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Mount Qiloane, symbol of the Basotho. (Photo: mjj)

MASERU, Lesotho – The passport is stamped U.S., but I’m unabashedly a citizen of the world, with a toehold on four continents: from New York to Hong Kong, Prague to Lesotho. As a foreign correspondent, journalism educator, Health and Development communications consultant, and father of three, I’m based in Lesotho, high in the mountains of southern Africa. As the lone Western correspondent here, I’ve covered the tiny Mountain Kingdom‘s unique political crisis for Foreign Policy, AFP, South Africa’s Mail & Guardian, and others. Meanwhile, I’m also teaching Health Journalism and storytelling in one of the world’s sickliest societies. And from next-door South Africa, I’m co-producing a documentary film – The Clubhouse: A Post-Apartheid Story – which explores racial healing and equal opportunity in The Rainbow Nation, twenty years later. At the same time, in Hong Kong, I’m a six-time Visiting Scholar teaching International Journalism, mostly to bright, young mainland Chinese; and in Prague, I’m Senior Trainer of a biannual course in storytelling from around the world. In fact, post-Communist Central Europe flows through my veins; that’s where I launched my own foreign-correspondent career two decades ago. Thank you for visiting my website – and for reading … Michael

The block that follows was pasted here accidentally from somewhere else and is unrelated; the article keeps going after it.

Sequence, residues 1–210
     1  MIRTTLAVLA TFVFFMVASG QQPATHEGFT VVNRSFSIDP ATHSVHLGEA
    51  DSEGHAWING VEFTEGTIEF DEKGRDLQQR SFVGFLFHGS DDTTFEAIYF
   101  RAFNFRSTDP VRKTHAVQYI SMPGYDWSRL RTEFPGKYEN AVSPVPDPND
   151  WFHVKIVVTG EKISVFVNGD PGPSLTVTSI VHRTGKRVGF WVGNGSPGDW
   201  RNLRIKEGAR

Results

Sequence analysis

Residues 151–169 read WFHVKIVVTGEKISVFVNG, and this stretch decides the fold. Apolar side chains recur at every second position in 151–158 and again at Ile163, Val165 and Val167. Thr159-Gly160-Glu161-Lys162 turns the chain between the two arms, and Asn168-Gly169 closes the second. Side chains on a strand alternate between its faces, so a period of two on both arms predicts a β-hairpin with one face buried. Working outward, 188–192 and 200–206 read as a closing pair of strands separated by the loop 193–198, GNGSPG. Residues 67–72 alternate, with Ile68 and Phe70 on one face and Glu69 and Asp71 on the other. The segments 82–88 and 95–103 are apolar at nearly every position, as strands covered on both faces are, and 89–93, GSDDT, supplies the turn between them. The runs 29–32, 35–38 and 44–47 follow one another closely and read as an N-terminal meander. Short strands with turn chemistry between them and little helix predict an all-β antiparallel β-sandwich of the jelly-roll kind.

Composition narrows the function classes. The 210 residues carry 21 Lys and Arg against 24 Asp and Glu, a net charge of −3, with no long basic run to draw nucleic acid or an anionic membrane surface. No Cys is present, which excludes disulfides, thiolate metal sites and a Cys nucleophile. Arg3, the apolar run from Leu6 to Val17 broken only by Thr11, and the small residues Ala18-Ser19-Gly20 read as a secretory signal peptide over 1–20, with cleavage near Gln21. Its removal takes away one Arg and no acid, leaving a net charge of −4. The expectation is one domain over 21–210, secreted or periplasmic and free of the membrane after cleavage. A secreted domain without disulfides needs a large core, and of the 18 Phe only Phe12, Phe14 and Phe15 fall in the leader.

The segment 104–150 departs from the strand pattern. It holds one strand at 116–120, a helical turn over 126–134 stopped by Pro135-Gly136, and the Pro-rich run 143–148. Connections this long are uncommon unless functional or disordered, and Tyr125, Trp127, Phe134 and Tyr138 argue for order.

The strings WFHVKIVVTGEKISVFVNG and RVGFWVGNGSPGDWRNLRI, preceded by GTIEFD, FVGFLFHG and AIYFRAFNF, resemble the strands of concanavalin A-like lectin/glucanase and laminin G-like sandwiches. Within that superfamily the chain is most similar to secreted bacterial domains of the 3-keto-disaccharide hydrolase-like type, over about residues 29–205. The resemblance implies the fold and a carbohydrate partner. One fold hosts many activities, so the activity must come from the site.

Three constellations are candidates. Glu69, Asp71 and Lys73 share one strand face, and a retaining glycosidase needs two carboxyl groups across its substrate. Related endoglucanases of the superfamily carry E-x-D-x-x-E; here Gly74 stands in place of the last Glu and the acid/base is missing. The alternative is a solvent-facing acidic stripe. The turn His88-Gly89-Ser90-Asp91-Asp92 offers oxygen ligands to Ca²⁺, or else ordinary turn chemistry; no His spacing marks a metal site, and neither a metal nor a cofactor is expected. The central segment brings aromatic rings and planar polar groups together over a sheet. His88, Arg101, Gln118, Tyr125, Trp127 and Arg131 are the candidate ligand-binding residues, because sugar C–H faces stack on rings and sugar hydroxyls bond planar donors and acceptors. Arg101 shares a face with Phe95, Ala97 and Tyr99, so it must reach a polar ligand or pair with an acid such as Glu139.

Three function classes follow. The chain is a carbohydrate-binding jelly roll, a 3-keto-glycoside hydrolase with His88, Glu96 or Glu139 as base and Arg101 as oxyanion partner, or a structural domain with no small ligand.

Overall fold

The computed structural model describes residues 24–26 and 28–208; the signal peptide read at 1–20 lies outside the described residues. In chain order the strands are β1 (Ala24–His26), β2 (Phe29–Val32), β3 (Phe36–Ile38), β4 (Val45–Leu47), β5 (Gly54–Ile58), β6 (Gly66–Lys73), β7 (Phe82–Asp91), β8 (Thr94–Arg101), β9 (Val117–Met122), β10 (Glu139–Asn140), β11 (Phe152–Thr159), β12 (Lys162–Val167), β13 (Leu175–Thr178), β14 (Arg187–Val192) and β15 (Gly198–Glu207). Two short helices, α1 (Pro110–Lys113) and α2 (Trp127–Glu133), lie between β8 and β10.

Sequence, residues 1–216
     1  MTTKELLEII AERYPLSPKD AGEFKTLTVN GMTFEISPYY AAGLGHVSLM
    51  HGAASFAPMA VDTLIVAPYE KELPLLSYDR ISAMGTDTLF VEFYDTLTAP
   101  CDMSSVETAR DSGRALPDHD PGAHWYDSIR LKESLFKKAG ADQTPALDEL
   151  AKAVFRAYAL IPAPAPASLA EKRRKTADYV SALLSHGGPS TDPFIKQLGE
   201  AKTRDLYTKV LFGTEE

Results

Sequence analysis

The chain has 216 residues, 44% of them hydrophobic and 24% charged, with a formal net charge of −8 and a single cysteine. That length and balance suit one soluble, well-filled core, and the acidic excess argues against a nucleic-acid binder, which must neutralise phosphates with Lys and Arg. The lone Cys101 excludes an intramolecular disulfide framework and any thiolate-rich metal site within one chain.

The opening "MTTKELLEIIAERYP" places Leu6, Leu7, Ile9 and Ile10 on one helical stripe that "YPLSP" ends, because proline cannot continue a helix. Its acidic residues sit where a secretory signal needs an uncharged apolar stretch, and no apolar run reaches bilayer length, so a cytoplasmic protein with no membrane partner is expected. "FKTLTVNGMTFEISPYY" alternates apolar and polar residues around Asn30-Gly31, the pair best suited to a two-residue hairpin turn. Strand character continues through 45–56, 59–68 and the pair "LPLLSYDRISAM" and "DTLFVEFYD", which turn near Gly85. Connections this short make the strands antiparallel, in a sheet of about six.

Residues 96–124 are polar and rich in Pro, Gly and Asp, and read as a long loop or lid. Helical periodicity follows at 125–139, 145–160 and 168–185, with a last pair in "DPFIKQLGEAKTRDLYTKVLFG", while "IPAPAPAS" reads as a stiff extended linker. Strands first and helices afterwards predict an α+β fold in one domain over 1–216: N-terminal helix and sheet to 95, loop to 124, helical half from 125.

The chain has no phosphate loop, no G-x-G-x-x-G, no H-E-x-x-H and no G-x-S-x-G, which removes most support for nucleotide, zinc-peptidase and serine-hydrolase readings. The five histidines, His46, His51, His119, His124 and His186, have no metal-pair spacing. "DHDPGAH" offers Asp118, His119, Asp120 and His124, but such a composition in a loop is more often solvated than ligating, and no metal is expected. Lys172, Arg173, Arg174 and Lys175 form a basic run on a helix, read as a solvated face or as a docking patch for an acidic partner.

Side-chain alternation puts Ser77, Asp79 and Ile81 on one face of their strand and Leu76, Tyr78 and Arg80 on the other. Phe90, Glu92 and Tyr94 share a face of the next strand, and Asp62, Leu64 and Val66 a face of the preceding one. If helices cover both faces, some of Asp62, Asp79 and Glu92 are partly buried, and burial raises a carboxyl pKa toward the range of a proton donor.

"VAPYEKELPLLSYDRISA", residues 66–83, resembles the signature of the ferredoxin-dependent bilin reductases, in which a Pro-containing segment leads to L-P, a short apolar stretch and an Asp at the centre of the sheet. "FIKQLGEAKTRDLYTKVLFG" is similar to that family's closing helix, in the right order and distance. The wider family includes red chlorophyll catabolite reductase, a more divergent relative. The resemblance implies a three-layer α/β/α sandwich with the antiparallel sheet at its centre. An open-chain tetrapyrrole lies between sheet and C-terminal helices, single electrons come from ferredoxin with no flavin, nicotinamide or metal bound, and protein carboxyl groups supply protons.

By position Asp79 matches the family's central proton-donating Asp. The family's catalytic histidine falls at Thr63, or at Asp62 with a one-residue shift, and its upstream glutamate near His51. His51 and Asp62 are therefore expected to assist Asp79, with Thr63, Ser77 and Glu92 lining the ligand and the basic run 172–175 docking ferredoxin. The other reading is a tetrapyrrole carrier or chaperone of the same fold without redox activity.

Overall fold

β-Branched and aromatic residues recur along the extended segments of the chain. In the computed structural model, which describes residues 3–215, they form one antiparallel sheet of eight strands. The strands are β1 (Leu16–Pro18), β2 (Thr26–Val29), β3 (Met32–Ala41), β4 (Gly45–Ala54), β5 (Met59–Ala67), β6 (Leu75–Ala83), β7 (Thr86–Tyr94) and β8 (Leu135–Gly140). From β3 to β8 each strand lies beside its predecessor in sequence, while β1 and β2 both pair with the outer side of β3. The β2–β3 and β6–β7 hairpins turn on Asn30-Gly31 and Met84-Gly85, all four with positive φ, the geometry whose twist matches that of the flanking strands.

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[When it comes to freelancing foreign correspondence, no one is more current or savvy than the Indian journalist Mridu Khullar Relph, the 2010 “Development Journalist of the Year.” Mridu is also tireless in educating others about the field through her fine website, produced from her New Delhi home. So, it was my pleasure to answer her questions about how I do what I do. The following interview was first published on her site on Nov. 20, 2012. For more on freelancing, please read my August 2012 piece on how I’d break in today.]